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Following the discovery that computer manufacturing giant Lenovo was pre-installing adware known as Superfish onto its computers (which Lenovo flippantly dismissed as posing no security concerns), security researchers have discovered the same code in at least a dozen other programs.
The technology, which intercepts a user’s connection to websites secured by SSL protocol and allows the software to spy on the connection, has been tracked back to an Israeli company called Komodia. According to a blog post from Facebook security researcher Matt Richard, Superfish and other applications use a library from Komodia to “modify the Windows networking stack and install a new root Certificate Authority (CA).” This allows the program to impersonate any SSL-enabled site.
“Basically, Komodia makes the little green lock you see when you go to an HTTPS site essentially useless,” security researcher and Twitter user @TheWack0lian explained to the Daily Dot (the researcher asked to be identified by Twitter handle only). “An attacker could easily create a malicious website which would show up with a green lock on a computer with a Komodia proxy installed.” He noted that even if it was uninstalled but left a root certificate authority behind, the computer would still be at risk.
Despite an application with a similar install base as Superfish being identified as a malicious trojan by antivirus provider Symantec, Komodia’s self-described “SSL hijacker” code has now been found in 14 applications. Richard listed the following applications he found using the Komodia library:
CartCrunch Israel LTD
Say Media Group LTD
Over the Rainbow Tech
Objectify Media Inc
Catalytix Web Services
@TheWack0lian published findings over the weekend that document the rootkit technology present in the Komodia code.
@TheWack0lian stated that some products using Komodia bundle a ring-0 rootkit “which hooks into things at a low (kernel) level and this could theoretically be abused by malware.” This means a malicious program could install and configure itself through the Komodia rootkit if it got access to the necessary privileges. “That would mean it’d be harder to remove that malware.”
@TheWack0lian has made note of Komodia’s appearance in several programs, including parental control software SecureTeen. “Komodia is mainly used in adware (SearchProtect, DiscountCow) and parental control software (Qustodio), but it has also been used in Lavasoft Web Companion,” @TheWack0lian said, noting that Lavasoft “should know better.” It has also appeared in a corporate product from Barracuda.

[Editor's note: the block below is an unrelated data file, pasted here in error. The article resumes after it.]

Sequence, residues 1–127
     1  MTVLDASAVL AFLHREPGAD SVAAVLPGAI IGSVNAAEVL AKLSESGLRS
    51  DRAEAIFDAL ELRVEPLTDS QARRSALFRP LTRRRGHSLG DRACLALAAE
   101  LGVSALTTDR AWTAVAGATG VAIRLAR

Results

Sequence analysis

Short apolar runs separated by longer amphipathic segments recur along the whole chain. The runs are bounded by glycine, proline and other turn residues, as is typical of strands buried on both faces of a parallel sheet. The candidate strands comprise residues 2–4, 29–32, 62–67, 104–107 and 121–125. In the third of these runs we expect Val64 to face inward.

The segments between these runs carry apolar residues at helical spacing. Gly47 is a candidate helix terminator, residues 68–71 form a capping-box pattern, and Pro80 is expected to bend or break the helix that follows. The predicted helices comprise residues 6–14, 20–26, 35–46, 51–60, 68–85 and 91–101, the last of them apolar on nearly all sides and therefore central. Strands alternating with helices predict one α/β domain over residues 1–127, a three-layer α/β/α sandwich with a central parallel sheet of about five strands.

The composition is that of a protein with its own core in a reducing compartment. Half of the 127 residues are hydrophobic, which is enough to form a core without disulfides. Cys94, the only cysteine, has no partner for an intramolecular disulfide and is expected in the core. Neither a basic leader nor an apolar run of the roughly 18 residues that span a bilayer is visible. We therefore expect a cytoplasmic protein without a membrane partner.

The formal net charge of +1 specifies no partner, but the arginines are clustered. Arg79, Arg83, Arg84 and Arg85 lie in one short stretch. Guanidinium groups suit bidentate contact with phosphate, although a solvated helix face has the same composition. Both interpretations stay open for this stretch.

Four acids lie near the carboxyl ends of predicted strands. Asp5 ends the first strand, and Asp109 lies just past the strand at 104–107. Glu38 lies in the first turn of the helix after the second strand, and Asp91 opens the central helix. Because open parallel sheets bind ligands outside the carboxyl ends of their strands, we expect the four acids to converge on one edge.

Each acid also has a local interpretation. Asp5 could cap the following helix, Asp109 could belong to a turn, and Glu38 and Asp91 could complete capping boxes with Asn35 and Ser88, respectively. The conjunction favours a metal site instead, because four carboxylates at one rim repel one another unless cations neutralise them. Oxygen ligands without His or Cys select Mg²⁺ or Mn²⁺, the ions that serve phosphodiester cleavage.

“I’m really not sure [how widespread Komodia is], all I can do is help to document what uses it,” @TheWack0lian said.
It has been noted by security experts that the behavior of Komodia is not uncommon; Antivirus and security-related applications regularly install root certificates. In those cases, the action is performed to monitor connections for any malicious activity. Komodia enables attackers because it reuses the same digital certificate across many computers.
“By reusing the same certificate, a bad actor could potentially obtain that CA file and perform ‘man-in-the-middle’ (MITM) attacks on untrusted networks like public WiFi, set up authentic-looking phishing pages, or sign software that makes people vulnerable to other malicious code as they browse the Internet,” Richard writes.
Removal methods for Superfish have already circulated widely, and Richard points out that the Komodia library has proven relatively easy to detect. He writes “Facebook is actively working with our anti-virus partners to find and remove instances of malware we detect when people visit our service.”
AJ Dellinger is a seasoned technology writer whose work has appeared in Digital Trends, International Business Times, and Newsweek. In 2018, he joined Gizmodo as the nights and weekend editor.